Here’s a Friday morning brainteaser for you… (because, you need one, right? You’re wide awake and raring for brainteasing this morning, right? …no? Oh, never mind, keep reading. It’s worth it.)
Right, here’s your brainteaser: how do you pronounce amigurumi? Yes, amigurumi. I’m hitting you with a word like amigurumi first thing on a Friday morning not because I’m particularly cruel and sadistic (although… umm… no, never mind) but because if you don’t know about amigurumi, then I have someone I want to introduce you to.
Ok, let’s back it up and make Friday morning a bit easier. How do you pronounce Fresh Stitches? How about Stacey Trock? Better? Yep, me too! I can’t say amigurumi to save my life. …Well, I can, but I have to slow right down and I sound like an idiot. I prefer to say Stacey Trock. Mostly, because I really like her.
Stacey designs crocheted amigurumi, which is a Japanese word meaning a crocheted or knitted stuffed animal. And so you know they are going to be cute, but Stacey’s designs are not just cute, they’re downright funky. I mean, right now, you’re thinking “teddy bears”, right? Nope.
I met Stacey at TNNA in June — she was unmissable, wandering around with a crocheted monkey on her back — and I quickly discovered she is an absolutely lovely person. During the Mother-of-All-Knit-Nights (imagine a room filled with every.single.one of your knitting idols, and that’s exactly what it was), Stacey and I got to talking and… we just kept going for a couple of hours! Isn’t it just the coolest thing when the people you’ve admired from afar turn out to be truly nice people in real life?
Stacey, your amigurumi are so adorable! How do your design ideas come to you? Do you know what the finished project will look like before you start, or do you let the yarn and hook lead the way and just see how it comes out?
Aww, thank you! I have no idea how my ideas come to me… sometimes I think it’s just a little fairy in the night that brings them. In all honesty, I’ll just get ‘struck’ by an animal idea, and I know exactly how it’s going to look and how it’s going to be made. And more than often, I’m right. Once in a while, I go through a phase of experimenting with different shapes and techniques, and then a whole new batch of animals will hit me.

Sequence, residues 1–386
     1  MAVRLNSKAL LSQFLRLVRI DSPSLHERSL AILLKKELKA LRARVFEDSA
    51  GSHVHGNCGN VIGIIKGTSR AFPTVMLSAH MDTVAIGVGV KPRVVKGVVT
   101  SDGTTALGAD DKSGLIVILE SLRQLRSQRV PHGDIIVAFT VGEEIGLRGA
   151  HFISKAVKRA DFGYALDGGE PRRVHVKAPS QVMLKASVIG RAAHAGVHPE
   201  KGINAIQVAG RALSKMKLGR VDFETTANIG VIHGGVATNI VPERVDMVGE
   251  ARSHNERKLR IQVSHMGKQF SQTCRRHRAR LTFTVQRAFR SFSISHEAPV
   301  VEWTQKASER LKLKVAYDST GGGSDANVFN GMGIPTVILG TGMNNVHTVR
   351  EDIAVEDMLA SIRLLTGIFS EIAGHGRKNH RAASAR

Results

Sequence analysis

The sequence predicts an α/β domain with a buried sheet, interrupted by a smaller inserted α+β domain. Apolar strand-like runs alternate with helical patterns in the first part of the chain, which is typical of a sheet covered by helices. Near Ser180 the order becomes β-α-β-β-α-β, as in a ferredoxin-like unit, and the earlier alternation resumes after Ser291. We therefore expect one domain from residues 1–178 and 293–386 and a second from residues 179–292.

When did you make the jump from crocheter to crochet designer? What defined that change in your mind?
Ah, yes… you’re hinting at two different questions! The first one is: when did I go from crocheter to being a person who sold crochet designs. I did that one summer, when I was finished with school, and was tired of what I was doing. I asked myself, ‘what would I do if I didn’t have to worry about money at all?’. And I thought, ‘make stuffed animals’. And, I’ve been crocheting since I was very small, so that seemed like the natural method to make my animals. Then, I thought about it, and figured I really could make a living of it… so, then I just started designing! My first designs were a koala and a lion.
The second question, when did I feel like a crochet designer is slightly different. It took a while for me to really believe that this was my job and not just some pipe dream. I would say that after my first book, Cuddly Crochet, came out, I felt like I was really a designer.
It’s interesting, though- because I think of myself as a stuffed animal designer, not a ‘crochet designer’. I would jump to knitting stuffed animals before I would design a crocheted sweater. I guess I’m just obsessed with stuffed animals 🙂
When you design, do you have a specific person in mind? Are you designing for someone, or for yourself?
I always have one of two customers in mind when I design. Customer number one is a late-20s, early 30s woman who is crocheting a toy for her children (of course, in real life, it could be a grandmother, aunt or even a father… but marketing folks tell you to be specific!). She’s interested in a pattern that’s not overwhelmingly complicated (she has other things to do, after all!) and she’s also interested in a fairly mainstream, cute animal. The animal also will need to be baby-safe (crocheted eyes, no long strings, etc.). My Nelson the Owl pattern is a stereotypical example of an animal I designed with this customer in mind.